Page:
Ice storm

From Simple English Wikipedia, the free encyclopedia

Ice storms are weather phenomena caused by freezing rain. The falling rain comes into contact with surfaces and turns into a thin sheet of ice. Ice storms cause accidents, take power lines down and cause serious damage.

Formation[change | change source]

A graph showing the formation of different kinds of precipitation.

It starts with a layer of warmer (not freezing) air above a layer of huge-freezing temperatures lower down. Frozen precipitation melts to rain while falling into the warm air layer, and then begins to refreeze in the cold layer below.

  1. If the precipitate refreezes while still in the air, it will land on the ground as sleet.
  2. Or, the liquid droplets continue to fall without freezing. They pass through the cold air just above the surface. This thin layer of air cools the rain to a temperature below freezing (0 °C or 32 °F), but the drops themselves do not freeze. This is a phenomenon called supercooling.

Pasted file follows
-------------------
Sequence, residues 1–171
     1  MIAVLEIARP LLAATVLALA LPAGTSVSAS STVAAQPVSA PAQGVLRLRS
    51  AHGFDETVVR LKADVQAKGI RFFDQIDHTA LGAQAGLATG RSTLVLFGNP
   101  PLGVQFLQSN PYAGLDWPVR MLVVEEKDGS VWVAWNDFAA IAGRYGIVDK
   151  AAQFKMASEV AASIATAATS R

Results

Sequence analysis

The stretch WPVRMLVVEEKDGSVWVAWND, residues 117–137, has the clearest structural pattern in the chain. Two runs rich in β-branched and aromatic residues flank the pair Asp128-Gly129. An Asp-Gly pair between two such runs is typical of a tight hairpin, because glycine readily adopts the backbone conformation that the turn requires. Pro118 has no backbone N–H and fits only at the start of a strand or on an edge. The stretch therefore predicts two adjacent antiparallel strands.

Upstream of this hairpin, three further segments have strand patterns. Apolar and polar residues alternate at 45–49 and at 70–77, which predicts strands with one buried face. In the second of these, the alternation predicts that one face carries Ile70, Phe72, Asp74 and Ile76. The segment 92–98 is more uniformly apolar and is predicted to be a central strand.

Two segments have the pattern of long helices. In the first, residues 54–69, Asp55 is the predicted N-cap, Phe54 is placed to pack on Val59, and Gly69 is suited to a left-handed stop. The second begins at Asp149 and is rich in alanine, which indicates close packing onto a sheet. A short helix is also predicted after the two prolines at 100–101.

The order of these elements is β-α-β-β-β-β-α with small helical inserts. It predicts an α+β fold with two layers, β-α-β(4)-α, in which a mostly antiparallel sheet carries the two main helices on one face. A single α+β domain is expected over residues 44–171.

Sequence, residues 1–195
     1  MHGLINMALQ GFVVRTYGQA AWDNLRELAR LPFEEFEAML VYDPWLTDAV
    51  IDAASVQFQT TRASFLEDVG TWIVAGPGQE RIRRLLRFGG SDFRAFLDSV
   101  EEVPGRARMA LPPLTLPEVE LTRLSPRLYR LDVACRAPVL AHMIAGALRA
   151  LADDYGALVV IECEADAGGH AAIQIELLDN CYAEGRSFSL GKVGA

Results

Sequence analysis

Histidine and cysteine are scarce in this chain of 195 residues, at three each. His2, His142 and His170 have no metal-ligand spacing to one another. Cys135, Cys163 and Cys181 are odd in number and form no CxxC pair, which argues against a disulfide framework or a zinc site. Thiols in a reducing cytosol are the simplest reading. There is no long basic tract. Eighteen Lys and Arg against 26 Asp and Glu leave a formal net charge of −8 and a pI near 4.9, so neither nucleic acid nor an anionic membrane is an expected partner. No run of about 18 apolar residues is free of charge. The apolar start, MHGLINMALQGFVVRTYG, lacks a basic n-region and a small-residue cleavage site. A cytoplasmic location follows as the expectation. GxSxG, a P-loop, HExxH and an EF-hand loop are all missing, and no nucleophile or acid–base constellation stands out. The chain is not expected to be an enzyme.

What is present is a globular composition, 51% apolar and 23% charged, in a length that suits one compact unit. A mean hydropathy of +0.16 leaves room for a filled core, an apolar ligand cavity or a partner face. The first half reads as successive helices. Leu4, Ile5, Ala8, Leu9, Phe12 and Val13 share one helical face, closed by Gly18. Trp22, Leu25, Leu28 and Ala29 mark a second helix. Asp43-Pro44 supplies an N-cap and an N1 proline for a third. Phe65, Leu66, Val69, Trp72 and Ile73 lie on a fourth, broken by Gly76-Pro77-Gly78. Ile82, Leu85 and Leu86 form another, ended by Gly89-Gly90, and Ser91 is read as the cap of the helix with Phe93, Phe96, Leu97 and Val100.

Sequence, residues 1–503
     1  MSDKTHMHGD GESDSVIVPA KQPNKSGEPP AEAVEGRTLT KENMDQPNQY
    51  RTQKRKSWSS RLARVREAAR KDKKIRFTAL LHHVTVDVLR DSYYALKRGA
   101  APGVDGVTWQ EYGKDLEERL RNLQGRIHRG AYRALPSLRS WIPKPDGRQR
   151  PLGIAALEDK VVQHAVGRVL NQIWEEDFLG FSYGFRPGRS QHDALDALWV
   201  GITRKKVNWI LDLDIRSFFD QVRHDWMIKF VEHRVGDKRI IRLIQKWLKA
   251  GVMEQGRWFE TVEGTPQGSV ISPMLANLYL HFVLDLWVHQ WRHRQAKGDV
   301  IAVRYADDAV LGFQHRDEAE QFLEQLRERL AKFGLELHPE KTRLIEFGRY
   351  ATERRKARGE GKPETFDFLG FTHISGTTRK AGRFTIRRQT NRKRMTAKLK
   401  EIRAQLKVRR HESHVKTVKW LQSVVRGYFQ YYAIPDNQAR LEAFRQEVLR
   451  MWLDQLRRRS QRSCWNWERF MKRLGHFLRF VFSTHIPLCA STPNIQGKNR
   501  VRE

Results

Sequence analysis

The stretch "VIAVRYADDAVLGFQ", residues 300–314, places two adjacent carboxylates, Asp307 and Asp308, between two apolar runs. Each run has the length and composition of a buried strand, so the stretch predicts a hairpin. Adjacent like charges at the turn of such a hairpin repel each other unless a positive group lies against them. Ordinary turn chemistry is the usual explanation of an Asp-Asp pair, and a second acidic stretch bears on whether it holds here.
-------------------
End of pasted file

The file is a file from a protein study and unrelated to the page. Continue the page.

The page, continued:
When the supercooled drops strike ground or anything else below 0 °C (32 °F) (e.g. power lines, tree branches, aircraft), a layer of ice builds up, hence "freezing rain".[1][2][3]

Reeferences[change | change source]

  1. Gay, David A.; Robert E. Davis (December 30, 1993). "Freezing rain and sleet climatology of the southeastern USA" (PDF). Climate Research. 3 (1): 209–220. Bibcode:1993ClRes...3..209G. doi:10.3354/cr003209.
  2. "Ice Storms". City of Savannah, Georgia. Archived from the original on July 28, 2007. Retrieved January 8, 2009.
  3. University of Illinois. "Cyclones and Fronts: the definition of freezing rain". Archived from the original on January 22, 2009. Retrieved January 9, 2009.